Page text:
“Curzon” is one of those typically British biographies of dead political figures. Such biographies tend to go into great detail not just about the protagonist, but about long-forgotten political issues fought among long-forgotten men. If you are interested in the protagonist, or the period, this can be excellent, as long as the writing is good, and Gilmour’s is good. But if you’re looking for an objectively thrilling read, you should stay away.
This is a book written on two levels. It works on one, and not on the other. As political polemic and call to action, it is quite good. As a novel, it is not very good.
“The Diversity Myth” is a twenty-year-old book that nobody would remember, despite its many virtues, were it not for that its authors (and many of the young figures in its pages) have since then become highly-visible billionaires, and, in the case of Peter Thiel, prominent public intellectuals. None of them knew that then, though (presumably!), which makes the book even more interesting.
“Appetite For America” is that rare book that combines the best of a history book and a business book. It’s the story of Fred Harvey, a sickly but iron-willed Englishman who built the first retail empire in America, and the story of the company he founded, also called Fred Harvey (not Fred Harvey, Inc.—just plain Fred Harvey). It’s all fascinating, and offers the reader many accurate business insights as well (although they are not billed as business insights—this is not a navel-gazing self-help “business book”).
Holy crap, this is a bad book. I like the Koch brothers. I agree with them politically, both philosophically and in their desire to actually punch back at liberals and change the status quo, rather than simply feeding money into the rathole of establishment politicians and tasseled-loafer conservative consultants. Their demonization by the Left is emblematic of much that is wrong with America. But this is a business book, not a book on politics. And, holy crap, this is a bad book.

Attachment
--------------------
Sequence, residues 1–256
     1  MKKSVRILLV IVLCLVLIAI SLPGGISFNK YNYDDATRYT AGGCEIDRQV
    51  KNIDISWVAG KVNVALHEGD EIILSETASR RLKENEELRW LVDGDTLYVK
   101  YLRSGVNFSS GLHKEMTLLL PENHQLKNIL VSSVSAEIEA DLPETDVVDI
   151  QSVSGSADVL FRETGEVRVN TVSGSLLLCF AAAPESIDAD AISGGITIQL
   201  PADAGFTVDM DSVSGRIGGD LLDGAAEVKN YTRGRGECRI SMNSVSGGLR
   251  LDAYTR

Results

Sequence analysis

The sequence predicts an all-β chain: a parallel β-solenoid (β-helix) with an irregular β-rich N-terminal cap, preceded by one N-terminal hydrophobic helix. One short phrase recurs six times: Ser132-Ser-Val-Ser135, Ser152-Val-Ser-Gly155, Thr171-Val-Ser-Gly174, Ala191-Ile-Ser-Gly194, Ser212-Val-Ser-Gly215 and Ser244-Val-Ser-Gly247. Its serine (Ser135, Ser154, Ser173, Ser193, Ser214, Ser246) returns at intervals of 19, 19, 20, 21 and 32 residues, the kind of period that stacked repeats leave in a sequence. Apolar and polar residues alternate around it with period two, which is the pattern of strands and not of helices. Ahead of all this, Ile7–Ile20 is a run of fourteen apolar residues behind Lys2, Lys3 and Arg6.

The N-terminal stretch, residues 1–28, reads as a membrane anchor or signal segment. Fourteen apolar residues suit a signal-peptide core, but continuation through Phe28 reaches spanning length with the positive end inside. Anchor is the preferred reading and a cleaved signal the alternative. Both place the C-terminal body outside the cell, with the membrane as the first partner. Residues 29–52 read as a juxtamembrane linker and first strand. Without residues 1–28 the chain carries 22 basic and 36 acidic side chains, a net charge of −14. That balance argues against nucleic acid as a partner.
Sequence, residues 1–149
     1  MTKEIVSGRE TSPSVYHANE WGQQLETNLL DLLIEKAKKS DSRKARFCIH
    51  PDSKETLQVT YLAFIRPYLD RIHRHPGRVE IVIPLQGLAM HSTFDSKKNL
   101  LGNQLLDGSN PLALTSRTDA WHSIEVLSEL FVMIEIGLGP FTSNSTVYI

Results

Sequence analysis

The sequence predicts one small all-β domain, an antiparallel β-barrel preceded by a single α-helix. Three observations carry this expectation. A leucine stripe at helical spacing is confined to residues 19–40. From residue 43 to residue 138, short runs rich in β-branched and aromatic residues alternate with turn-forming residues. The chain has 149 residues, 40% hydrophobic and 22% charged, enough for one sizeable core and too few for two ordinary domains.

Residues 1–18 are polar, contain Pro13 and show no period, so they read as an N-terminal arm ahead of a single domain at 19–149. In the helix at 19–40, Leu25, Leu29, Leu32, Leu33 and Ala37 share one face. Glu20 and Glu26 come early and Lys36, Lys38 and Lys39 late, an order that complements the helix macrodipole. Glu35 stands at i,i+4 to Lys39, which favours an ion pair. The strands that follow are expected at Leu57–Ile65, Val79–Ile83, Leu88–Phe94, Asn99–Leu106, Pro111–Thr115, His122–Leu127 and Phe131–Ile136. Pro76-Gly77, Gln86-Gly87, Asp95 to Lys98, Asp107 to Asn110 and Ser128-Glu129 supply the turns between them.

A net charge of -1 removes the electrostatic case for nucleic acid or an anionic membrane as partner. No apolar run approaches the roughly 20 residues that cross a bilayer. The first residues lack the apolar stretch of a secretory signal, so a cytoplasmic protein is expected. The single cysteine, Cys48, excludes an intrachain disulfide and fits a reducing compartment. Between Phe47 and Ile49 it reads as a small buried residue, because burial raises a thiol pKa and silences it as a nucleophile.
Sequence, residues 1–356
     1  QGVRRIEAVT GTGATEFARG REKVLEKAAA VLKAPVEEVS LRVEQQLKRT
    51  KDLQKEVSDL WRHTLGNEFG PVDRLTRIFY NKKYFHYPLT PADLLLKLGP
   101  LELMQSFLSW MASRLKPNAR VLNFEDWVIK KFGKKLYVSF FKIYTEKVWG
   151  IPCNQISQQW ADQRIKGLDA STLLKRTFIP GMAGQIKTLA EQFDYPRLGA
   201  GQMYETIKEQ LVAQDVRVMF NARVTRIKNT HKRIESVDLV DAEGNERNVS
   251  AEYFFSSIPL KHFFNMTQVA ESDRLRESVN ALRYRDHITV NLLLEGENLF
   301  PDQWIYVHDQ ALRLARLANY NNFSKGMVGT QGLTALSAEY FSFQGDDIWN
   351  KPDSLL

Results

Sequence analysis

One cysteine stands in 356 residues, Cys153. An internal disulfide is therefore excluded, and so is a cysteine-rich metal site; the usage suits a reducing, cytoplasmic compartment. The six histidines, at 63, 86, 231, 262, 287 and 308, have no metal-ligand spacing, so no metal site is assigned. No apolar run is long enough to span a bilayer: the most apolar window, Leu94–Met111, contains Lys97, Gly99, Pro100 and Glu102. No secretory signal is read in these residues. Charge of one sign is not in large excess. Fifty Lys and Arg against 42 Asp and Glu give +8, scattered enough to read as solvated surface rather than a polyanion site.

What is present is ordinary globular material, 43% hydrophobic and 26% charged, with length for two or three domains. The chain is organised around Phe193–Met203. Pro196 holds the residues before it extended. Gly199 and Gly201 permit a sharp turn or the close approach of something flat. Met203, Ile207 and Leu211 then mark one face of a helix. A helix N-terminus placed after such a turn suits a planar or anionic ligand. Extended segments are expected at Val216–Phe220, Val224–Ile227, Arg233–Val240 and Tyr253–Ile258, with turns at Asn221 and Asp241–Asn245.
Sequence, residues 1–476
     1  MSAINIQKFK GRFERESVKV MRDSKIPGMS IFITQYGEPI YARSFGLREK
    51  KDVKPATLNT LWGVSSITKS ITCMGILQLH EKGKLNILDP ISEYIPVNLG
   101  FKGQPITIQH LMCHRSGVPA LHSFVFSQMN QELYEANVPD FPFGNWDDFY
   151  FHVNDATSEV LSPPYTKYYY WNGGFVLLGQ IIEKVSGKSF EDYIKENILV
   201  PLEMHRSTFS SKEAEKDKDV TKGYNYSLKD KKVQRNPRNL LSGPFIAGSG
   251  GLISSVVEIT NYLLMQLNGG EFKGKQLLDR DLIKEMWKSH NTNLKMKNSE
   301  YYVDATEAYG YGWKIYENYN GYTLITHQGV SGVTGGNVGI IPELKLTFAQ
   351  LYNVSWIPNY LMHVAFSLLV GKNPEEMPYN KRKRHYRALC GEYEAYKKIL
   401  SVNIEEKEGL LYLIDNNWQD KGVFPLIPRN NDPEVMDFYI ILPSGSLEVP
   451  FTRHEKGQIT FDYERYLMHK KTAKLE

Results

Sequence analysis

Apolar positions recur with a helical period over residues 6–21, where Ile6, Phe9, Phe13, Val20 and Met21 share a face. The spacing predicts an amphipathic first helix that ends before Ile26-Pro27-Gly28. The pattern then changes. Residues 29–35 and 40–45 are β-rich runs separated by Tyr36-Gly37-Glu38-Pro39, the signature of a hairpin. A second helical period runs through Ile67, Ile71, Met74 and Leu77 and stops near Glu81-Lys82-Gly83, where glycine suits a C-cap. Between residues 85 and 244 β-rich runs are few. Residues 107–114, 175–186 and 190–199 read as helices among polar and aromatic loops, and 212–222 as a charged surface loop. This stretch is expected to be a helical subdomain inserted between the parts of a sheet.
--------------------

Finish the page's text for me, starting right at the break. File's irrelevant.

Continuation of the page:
“Miles Gone By” is a good, but somewhat disorienting, book. It’s disorienting, first, because it’s disjointed—while divided into chapters covering different topics, it’s actually composed entirely of previously published pieces, without any attempt to knit them together coherently, in time or theme, as would be usual in an autobiography. The result isn’t bad, it’s just different, and that’s disorienting.
Anne-Marie Slaughter’s book is compelling. But too frequently it relies on unsupported, and in fact unvoiced, assumptions. And like a stick figure with one leg, the result is instability.
“Dreamland” is about opiate addition, and about an America most of us don’t see. Those most affected by the explosion in opiate use chronicled in “Dreamland” are members of the white underclass, a group with no champions and no power, and therefore little focus on its problems. To the extent it affects those not in the white underclass, the addiction is frequently hidden. Either way, we see little of it. Quinones forces this America forward and explains it. And he simultaneously shows how this America is the bastard child of unfettered welfare and private greed, midwifed by the decayed culture of our time.
This is just not a very good book. It’s not a dreadful book. Just not very good. True, it’s better than most modern apocalyptic fiction, but that’s a low bar. And true, it has to compete with Fortschen’s previous book, “One Second After,” which was fantastic. But nonetheless, it’s not a very good book.
“The Blueprint” is well written. But its predictions have now been repeatedly falsified, and it downplays critical elements in its analysis. Therefore, I cannot recommend it except as a narrow and dated historical analysis of Colorado politics in the middle of the last decade.